• Imperfect says:

      It took me a long time to realize that another person can’t complete me, or anyone else. We are all whole, complete people on our own. Feeling incomplete without a partner doesn’t make it so.

      Thanks for following my journey, Gillian. I always appreciate your comments.

  2. Opheliac says:

    Hey there sexy lady- i’m so glad to read a post with a more positive sounding theme than some of the recent ones written through your struggles. i’m sorry i can’t be more help, but i am glad you’re making progress and feeling well. Love always ~ s.g.

  3. lexiconlover says:

    I too happen to also define my Higher Power as God….

    That said, one ex of mine, got so into the 12 steps for his addictions, he became addicted to his Higher Power. Over time studying Scripture, quoting Bible passages and studying it fervently became such a preoccupation dare I say he became more knowledgeable than many men of the cloth. Now I don’t want to go out on a limb here because it may sound blasphemous to some, but addiction is addicition. It’s called cross-addiction.

    I wonder sometimes, can healthy balance ever be achieved? Aristotle spoke of finding the mean, or balance. Buddha spoke of finding the middle way.

    I’m so very far away from finding a connection to my Higher Power that its almost insane to contemplate what being too reliant on God would look like but I think you pose an important distinction….

    A disincorporeal, ominpotent, omnipresent, omniscient Higher Power is infallable by nature and won’t let me down. Conversely, any qualifier (if I put all my apples in their basket to rescue me) will fail everytime.

    It begs the question.

    Perhaps not turning to an external source for my inner turmoil is the answer? Then again, we were not put here to live in isolation…….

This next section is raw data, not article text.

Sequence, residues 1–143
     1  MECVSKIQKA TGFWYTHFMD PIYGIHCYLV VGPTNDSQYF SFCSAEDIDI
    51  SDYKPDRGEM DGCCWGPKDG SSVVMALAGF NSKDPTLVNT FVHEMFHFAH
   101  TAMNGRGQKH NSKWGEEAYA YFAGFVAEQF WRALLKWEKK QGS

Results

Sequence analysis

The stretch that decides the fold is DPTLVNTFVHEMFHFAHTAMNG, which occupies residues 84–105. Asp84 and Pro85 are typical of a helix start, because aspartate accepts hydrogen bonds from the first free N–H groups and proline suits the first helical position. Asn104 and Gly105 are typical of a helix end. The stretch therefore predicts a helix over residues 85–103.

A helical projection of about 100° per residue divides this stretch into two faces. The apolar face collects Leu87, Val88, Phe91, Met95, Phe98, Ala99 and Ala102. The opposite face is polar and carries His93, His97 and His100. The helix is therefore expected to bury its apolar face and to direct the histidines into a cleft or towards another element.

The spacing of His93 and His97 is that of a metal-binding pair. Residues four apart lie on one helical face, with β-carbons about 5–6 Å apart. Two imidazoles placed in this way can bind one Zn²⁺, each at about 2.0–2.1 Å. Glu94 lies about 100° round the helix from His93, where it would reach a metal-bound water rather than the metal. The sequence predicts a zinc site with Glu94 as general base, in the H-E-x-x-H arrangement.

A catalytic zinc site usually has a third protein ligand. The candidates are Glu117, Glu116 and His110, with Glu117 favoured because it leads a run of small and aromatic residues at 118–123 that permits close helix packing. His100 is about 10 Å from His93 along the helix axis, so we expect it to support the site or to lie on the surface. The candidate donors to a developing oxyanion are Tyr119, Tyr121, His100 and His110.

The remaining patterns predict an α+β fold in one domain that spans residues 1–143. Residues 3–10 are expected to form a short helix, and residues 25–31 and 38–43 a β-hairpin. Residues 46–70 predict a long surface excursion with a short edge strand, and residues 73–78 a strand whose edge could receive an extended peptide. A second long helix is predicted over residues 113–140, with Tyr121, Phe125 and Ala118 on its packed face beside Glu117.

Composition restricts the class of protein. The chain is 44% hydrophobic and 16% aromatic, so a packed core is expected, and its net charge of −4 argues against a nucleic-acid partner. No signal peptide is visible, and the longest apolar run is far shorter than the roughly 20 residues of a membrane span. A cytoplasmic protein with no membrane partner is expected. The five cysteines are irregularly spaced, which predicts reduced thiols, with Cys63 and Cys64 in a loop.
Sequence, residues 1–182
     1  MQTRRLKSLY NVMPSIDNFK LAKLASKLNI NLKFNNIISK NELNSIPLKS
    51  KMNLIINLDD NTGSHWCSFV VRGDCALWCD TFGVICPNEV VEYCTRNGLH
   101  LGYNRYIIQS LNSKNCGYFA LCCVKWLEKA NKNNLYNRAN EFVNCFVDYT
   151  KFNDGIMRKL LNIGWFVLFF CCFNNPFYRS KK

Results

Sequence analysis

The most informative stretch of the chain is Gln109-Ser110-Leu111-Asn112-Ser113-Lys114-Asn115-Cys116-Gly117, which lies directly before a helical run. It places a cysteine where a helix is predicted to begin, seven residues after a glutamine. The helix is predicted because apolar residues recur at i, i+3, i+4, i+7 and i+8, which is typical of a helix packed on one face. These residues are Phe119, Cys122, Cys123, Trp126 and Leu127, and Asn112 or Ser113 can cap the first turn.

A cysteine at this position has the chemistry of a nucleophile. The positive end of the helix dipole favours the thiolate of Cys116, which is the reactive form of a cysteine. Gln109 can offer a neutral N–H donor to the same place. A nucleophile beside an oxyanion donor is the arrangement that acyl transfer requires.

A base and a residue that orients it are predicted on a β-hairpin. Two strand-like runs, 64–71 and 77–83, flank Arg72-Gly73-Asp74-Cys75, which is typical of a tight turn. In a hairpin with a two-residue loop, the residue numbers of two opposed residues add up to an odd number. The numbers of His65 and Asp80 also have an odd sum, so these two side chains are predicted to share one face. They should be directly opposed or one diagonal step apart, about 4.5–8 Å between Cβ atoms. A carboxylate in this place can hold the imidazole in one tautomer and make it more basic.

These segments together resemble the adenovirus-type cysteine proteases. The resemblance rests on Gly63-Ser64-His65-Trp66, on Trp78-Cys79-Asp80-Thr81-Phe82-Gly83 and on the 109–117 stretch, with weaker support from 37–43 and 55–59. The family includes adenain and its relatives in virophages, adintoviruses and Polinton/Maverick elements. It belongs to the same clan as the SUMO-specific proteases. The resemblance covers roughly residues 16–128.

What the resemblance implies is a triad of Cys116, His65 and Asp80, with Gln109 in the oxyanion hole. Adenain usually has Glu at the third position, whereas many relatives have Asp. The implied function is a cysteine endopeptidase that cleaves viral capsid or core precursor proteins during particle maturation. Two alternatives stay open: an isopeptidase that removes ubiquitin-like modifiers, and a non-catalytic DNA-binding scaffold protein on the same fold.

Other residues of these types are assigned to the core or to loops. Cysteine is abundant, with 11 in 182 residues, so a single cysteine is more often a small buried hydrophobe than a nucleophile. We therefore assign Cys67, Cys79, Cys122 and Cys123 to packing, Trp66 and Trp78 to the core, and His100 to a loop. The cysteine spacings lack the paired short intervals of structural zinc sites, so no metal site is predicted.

I have no answers……only more existential dilemma and angst I’m afraid dear friend. Thoughtful post~

    • Castimonia says:

      A higher power, as I understand it, is simply a power greater than myself. For some, it is the group, for others, it is a sponsor, a therapist, etc… for me, it varies. However, I have defined my “highest power” as Jesus Christ. I have a variety of “higher powers” (sometimes my internet filter) but only one highest power.

      I have seen “religiosity” take the place of an addiction. The key is to not allow religion to take over ones life where they are missing out on the healthy things in life that God provides to us, our spouses, our children, our family, work, ministry, rest, and enjoyment.

      A healthy balance can be found, but it takes time to find it and perhaps a lot of therapy!

      Take what you like and leave the rest….

  4. Sarah Ochoa says:

    I appreciate your Challenges and Battles you’ve faced. I have been facing love addiction and I have found the ladies at five sisters ranch. I wish you the best in your lifes challenges and offer my prayers to you and your family!

  5. Christy says:

    Not all people knew about love addiction. I myself didn’t know it until I found different forums and articles that I can relate to. I’m glad you’ve already found peace and now on your way to full recovery. More luck on your journey!

  6. Hi there, just wanted to say hi and I’m thinking of you. I like hearing about how you’re doing. Did you end up doing a 30/30? Write another post if you find the time!